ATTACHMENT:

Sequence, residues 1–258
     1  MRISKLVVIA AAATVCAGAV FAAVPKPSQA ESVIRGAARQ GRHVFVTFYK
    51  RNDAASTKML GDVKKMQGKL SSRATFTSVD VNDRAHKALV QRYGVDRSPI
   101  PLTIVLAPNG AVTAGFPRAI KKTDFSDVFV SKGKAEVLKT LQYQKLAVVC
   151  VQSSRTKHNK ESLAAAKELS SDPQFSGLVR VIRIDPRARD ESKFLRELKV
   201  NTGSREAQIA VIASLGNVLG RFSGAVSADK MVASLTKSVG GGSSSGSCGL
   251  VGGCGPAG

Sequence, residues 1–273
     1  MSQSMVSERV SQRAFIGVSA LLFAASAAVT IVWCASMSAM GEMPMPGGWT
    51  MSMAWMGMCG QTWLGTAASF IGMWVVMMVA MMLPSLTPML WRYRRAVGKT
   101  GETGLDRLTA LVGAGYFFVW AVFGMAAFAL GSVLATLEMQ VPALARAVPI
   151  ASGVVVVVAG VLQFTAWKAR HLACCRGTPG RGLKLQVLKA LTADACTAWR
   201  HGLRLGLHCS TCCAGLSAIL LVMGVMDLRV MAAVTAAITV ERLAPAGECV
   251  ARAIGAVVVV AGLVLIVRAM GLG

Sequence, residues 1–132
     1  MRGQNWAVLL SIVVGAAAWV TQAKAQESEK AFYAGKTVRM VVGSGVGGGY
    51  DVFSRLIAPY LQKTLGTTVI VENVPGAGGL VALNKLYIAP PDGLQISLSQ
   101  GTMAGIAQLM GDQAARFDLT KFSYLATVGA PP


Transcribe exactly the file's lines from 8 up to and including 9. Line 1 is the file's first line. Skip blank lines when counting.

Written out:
Sequence, residues 1–273
     1  MSQSMVSERV SQRAFIGVSA LLFAASAAVT IVWCASMSAM GEMPMPGGWT